Henderson, Ky. - The thing that Jeremiah Vard Hair recalls best about the Civil War is that he was hungry most of the time.
To this starvation diet of Civil War days he attributes the fact that he now weighs but 133 pounds while he is just a fraction shy of being six feet tall.
Mr. Hair is going on 94 years old come next Sept. 14, and he was as spry up to a week ago as any of his youngsters. (These youngsters range from 50 to 65 years of age.)
“Why, he never used the front steps to get off the porch,” said Youngster Pedry Hair, age 65. “He always jumped up or down.”
The jump is about two and a quarter feet.
Jeremiah Hair was born down in the mountain country near Marion. He enlisted Sept. 14, 1861 in Company H., First Kentucky Cavalry.
He was mustered out in ’64 with nothing more serious by which to remember the war than a gnawing, hungry ache in his stomach and a burnt finger. The burnt finger came about this way:
“We were marching thru the mountains,” said Mr. Hair. “I was hungry, who-ee, but I was hungry.
“I asked the captain if I could drop out of line and go to some house along the way to get a piece of bread. He just cussed at me.
“So I asked my lieutenant. He said ‘sure, and bring me a piece.’
“I stopped at the next house and asked for water. The woman gave me a cup. Thru the open door I could see some corn bread cooking in a skillet.
“I was so hungry I didn’t even ask whether I could have a piece. I just stepped in, picked it out of the skillet, broke it in half, and walked out again.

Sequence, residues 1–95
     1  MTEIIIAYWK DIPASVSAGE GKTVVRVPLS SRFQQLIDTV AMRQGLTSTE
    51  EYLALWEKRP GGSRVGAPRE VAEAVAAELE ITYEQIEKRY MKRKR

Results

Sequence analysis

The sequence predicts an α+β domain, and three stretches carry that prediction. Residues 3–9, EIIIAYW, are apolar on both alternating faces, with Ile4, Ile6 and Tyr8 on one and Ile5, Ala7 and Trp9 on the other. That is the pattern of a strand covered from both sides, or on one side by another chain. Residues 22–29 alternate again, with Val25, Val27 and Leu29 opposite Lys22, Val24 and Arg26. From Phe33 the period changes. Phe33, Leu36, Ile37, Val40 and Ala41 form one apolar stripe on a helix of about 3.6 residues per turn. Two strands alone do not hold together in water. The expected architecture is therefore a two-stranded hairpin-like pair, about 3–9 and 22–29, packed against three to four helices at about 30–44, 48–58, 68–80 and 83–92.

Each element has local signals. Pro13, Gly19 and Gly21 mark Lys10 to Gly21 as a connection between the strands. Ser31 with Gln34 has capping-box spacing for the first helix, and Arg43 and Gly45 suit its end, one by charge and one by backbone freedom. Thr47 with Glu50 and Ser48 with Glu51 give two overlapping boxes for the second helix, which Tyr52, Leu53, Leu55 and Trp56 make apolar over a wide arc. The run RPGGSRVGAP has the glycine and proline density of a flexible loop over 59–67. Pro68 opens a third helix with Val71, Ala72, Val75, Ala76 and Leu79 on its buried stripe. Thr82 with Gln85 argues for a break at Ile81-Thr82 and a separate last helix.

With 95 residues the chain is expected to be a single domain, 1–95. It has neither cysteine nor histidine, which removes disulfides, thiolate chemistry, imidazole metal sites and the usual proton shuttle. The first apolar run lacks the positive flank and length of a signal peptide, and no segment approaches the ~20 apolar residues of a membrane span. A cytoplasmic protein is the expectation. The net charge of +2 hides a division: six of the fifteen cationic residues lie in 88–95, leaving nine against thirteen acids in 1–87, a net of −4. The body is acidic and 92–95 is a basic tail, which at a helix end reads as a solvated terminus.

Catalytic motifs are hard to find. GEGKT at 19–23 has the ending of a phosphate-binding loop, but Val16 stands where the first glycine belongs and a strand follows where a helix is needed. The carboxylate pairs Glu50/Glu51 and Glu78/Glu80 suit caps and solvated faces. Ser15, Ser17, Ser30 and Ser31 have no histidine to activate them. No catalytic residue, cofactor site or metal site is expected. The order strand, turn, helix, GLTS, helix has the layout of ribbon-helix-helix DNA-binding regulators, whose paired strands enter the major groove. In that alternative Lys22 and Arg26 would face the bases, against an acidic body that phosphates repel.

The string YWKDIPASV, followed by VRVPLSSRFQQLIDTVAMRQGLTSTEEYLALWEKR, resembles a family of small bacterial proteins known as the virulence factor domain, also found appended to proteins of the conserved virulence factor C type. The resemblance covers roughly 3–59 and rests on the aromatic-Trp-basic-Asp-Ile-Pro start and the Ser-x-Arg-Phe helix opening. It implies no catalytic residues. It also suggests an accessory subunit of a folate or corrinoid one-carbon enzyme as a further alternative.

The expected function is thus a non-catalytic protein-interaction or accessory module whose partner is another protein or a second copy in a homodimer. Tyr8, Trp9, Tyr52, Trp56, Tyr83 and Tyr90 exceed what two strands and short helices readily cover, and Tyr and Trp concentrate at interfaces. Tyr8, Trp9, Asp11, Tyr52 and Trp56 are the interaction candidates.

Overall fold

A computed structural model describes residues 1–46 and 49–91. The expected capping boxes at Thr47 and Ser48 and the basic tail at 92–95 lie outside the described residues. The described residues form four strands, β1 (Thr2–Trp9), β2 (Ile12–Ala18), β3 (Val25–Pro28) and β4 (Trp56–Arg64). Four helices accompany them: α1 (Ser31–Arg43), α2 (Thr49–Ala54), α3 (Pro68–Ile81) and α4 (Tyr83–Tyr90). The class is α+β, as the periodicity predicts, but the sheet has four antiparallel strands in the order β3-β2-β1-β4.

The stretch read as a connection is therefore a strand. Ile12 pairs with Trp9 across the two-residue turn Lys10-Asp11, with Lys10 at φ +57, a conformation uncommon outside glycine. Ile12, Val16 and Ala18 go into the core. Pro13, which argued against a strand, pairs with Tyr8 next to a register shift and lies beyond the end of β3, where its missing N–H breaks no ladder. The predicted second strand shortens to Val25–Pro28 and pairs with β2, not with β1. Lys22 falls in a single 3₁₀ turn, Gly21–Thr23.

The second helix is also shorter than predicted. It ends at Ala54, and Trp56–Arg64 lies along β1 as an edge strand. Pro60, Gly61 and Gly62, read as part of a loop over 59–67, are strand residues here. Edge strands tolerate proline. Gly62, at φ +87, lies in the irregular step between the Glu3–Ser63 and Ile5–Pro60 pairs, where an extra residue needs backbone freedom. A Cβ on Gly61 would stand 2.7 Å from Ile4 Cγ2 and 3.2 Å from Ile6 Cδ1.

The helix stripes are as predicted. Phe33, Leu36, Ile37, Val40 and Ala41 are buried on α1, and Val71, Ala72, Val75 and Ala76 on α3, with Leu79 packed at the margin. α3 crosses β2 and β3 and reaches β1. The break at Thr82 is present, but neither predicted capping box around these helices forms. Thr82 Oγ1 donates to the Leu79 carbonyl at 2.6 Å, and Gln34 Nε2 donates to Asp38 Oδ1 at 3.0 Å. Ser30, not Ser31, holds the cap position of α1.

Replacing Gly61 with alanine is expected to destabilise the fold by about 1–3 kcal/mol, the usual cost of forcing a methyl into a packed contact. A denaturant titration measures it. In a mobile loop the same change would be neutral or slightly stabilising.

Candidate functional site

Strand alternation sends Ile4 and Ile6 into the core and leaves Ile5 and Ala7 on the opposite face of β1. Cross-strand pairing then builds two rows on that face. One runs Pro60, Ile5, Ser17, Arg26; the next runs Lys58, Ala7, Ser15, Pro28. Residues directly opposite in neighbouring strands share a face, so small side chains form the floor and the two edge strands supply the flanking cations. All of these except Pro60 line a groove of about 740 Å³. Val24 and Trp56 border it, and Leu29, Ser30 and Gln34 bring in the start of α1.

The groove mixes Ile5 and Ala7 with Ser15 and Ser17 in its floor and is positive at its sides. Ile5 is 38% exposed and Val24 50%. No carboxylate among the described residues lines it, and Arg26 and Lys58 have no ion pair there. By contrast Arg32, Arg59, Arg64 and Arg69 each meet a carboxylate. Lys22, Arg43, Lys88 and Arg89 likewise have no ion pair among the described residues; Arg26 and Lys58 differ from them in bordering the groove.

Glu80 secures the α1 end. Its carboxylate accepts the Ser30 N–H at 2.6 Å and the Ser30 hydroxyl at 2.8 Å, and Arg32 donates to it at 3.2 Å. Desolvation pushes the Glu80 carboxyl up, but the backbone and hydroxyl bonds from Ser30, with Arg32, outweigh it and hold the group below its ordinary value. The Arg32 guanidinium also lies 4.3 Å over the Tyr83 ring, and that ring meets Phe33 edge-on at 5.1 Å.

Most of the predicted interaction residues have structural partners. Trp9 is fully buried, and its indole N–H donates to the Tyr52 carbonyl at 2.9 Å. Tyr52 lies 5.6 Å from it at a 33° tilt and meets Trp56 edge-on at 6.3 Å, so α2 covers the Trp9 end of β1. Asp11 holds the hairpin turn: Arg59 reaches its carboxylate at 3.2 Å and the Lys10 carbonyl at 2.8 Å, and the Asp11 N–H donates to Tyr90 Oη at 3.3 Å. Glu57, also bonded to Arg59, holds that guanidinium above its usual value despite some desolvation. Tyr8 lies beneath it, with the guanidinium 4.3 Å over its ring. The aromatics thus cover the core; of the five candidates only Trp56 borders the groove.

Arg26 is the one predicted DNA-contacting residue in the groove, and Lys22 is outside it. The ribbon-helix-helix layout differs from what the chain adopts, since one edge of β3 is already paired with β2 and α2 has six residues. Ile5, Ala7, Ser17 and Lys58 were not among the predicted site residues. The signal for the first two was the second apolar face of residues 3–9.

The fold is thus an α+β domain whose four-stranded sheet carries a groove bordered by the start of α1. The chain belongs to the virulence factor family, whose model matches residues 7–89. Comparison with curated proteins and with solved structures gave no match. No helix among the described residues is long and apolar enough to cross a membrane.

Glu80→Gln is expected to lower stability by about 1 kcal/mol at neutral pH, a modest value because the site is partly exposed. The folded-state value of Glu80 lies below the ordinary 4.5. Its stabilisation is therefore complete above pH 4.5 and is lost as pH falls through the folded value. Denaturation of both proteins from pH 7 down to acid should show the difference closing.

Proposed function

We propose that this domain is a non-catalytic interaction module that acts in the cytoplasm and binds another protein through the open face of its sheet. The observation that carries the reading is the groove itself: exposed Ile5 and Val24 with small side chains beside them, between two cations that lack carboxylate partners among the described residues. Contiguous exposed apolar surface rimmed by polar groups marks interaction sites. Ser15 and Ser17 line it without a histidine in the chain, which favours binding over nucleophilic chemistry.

“That’s how I got the burnt finger. That corn bread was sure hot. But it was the best I ever ate.”
The cavalry took part in many a battle. The mounted men were used hard under General Thomas. They even aided in chasing Morgan and his raiders.
“I was in so many fights that I can’t remember half of them,” complained Mr. Hair. “We did a lot of bush-whacking.”
On one occasion the mountain boy had a taste of the inside of a military “booby-hatch.”
“I had a fight with Capt. Jim Dick when he ordered me to stop whistling,” he recalled. “I licked him, but they tossed me in the guardhouse. They made me tote around a big log that it took two men to lift, on my shoulders.”
Mr. Hair retired from farming some 50 years ago and moved to Henderson, where he lives now in a little home near the old Marshall Furniture Company.
“I remember exactly when I came to Henderson,” he says. “It was in the fall of that real dry year.”
It took a bit of finger figuring on the part of his wife and two of his sons to determine that this must have been in 1874.
Mr. Hair’s hair is one of the most vigorous things about him. He’s got a thick black thatch of it and a mustache to boot.
[Jeremiah V. Hair was born 10 August 1840 Kentucky and died 17 May 1940 Henderson County, Kentucky, according to his death certificate. He is buried at Fernwood Cemetery. Marion most likely refers to Marion County, Kentucky. The article above appeared in the Sunday, 26 April 1936 issue of the Evansville, Indiana Press.]